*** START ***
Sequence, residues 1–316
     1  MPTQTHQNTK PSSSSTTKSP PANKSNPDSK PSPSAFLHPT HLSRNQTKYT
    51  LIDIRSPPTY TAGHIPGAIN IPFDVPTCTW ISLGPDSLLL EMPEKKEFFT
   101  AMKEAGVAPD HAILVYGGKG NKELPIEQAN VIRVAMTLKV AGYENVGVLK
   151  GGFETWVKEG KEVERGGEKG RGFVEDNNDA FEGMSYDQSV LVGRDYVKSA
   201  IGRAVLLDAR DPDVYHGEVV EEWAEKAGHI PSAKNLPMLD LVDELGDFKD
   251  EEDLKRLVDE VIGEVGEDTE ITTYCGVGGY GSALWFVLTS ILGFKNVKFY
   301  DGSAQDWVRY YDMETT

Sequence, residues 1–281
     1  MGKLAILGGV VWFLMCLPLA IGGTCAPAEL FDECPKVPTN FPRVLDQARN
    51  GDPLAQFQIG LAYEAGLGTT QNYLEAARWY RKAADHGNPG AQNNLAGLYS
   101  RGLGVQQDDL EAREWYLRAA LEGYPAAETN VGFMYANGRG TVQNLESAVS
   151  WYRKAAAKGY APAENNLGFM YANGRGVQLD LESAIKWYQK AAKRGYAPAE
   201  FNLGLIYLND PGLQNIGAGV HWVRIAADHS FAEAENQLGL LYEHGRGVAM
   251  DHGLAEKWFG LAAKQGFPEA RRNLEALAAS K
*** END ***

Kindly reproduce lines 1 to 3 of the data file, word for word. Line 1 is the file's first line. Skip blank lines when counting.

Sequence, residues 1–316
     1  MPTQTHQNTK PSSSSTTKSP PANKSNPDSK PSPSAFLHPT HLSRNQTKYT
    51  LIDIRSPPTY TAGHIPGAIN IPFDVPTCTW ISLGPDSLLL EMPEKKEFFT